If you're a dog lover like me, you know the drill. You take the dog for a walk, only to realize half way through that it's really the dog who is walking you around the neighborhood. 

Running a business is not much different. Every entrepreneur has faced the same fundamental challenge, starting a business to pursue a dream of doing what you love only to wake up one day realizing it's the business running you. It sneaks up, but ultimately happens to us all.

Getting back to working "on" the business rather than just "in" the business requires a commitment to addressing some fundamental issues. Here are four ways to do exactly that:

Design for accountability. 

Don't just reshuffle the deck chairs of your existing leadership team, rethink how you design your organization in the first place. For many, organizing their leadership team starts with people on staff and functions they play and often involves fitting square pegs of capabilities into round holes of job descriptions.

Instead, wipe the slate clean for a moment and design the right organization and accountabilities to optimize the business. Only when that is in place should you fit the right people in the right seats. Doing this will ensure you don't just have people you like supporting you, but people you can trust are the right ones to take you where you want to go.

Build a simple scorecard.

With the right people in place, the old Russian proverb "trust but verify" becomes more achievable. Having a few key performance indicators (KPIs) in place, with clear ownership and targets, enables you to step back and empower your team to deliver success, with a level of transparency that ensures you can see bumps and challenges in time to impact them.

The key word in all of this is "few." The right data is critical, while too much data is crippling. I use what I call the desert island test--if you were on a desert island, what five to 15 metrics would you need to know to have a real pulse on your business?

Delegate.

The best way to keep great people is by stepping back and enabling them to accomplish great things. As an entrepreneur, this is one of the most difficult things to do, but it is the inability to do this that has us so mired in the weeds in the first place.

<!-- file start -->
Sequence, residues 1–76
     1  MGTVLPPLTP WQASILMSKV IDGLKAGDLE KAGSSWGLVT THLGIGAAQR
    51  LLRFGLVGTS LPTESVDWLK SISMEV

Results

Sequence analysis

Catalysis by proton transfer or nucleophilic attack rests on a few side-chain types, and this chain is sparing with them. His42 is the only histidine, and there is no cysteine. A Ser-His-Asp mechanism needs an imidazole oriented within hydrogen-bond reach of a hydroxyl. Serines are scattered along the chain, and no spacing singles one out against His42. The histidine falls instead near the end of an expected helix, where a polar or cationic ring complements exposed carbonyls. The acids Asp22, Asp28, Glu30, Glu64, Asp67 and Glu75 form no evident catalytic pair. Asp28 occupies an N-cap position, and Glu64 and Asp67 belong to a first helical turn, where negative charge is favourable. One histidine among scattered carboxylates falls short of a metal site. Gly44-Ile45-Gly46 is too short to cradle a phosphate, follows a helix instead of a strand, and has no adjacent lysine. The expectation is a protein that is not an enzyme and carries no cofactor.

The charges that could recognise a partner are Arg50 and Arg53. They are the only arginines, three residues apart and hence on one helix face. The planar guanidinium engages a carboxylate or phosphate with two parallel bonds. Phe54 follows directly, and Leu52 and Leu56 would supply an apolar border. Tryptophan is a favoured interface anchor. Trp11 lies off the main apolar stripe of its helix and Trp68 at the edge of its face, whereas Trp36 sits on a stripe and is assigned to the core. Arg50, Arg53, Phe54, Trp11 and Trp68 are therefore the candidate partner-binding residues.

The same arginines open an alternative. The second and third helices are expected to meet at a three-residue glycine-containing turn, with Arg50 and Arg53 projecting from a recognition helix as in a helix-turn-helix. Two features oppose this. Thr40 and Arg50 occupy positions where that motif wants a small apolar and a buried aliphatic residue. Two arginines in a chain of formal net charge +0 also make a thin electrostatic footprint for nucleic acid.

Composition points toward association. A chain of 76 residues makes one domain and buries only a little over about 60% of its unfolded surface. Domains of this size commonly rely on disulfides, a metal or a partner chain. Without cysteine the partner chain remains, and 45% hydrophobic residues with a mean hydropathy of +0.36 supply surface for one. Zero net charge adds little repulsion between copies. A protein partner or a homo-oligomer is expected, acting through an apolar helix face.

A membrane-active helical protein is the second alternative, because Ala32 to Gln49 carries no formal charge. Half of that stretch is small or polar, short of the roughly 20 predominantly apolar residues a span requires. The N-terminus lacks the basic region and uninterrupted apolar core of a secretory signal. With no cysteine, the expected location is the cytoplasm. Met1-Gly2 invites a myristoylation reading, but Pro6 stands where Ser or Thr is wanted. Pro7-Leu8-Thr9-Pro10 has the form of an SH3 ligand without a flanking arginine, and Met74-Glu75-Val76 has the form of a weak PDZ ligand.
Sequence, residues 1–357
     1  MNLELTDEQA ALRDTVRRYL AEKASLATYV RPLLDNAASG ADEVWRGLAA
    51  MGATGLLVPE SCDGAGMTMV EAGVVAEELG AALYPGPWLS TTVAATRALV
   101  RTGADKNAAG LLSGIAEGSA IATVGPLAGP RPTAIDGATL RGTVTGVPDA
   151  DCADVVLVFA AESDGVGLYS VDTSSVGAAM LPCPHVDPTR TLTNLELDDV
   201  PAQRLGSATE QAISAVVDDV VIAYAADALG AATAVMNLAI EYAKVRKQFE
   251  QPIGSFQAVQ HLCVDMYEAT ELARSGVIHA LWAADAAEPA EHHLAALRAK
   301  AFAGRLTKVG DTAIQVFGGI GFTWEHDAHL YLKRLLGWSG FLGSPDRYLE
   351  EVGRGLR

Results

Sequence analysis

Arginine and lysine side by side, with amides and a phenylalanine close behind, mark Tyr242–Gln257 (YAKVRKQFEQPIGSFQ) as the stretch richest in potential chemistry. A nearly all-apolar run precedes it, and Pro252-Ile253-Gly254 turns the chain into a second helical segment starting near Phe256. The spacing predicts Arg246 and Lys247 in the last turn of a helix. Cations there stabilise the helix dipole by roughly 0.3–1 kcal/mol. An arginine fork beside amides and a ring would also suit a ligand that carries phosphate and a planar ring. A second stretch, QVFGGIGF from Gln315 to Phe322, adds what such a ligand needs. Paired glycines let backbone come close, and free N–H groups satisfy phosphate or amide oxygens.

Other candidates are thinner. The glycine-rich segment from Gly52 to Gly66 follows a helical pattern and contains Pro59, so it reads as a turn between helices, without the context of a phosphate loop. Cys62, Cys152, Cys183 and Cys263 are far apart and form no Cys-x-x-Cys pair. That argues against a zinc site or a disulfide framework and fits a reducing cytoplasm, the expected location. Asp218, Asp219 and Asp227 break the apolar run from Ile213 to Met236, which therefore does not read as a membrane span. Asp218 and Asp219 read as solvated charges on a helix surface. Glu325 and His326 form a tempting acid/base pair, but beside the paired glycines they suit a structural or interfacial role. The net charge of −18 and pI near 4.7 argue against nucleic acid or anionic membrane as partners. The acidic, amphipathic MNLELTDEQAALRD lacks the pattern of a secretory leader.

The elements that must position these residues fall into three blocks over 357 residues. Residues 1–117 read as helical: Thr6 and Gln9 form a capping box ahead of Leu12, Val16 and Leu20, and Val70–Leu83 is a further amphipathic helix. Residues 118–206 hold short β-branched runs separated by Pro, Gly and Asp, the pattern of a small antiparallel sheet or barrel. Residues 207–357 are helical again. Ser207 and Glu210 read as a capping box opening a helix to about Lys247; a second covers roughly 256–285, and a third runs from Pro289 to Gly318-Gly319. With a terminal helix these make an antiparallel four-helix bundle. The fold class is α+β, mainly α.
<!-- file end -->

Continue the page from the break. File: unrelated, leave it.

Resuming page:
I have always worked to surround myself with people who are better at what they do than I am, but for this strategy to work, you need to guide them, not do their jobs or expect them to execute the way you would.

Simplify. 

In all likelihood, many of the challenges that exist in your business were the result of day-to-day "creeping incrementalism" that combined a series of good ideas over time and turned them into a dysfunction salad. Solving this will require everyone in your company to feel empowered to raise issues they see in their daily lives.

Quite literally every team member I have ever had a one-on-one with sees things that would make their jobs better, but you often need to draw it out of them. This is a fundamental cultural issue, and results in the people who live with this salad every day taking the attitude "It's just the way we do it." 

Start celebrating as a company when someone raises an issue. Make it clear that everyone matters. Listen more than talk, and dig where your people tell you to. They know where the treasure trove of increased productivity is buried. Make sure to keep an issues list to ensure you don't lose sight of important ones that can't be solved right away. 

These four steps will enable you to get back to working on the business instead of in it and enable you to focus more of your attention on what you love doing most. Now, get back out there and show that dog who's boss!

Published on: Aug 14, 2019
The opinions expressed here by Inc.com columnists are their own, not those of Inc.com.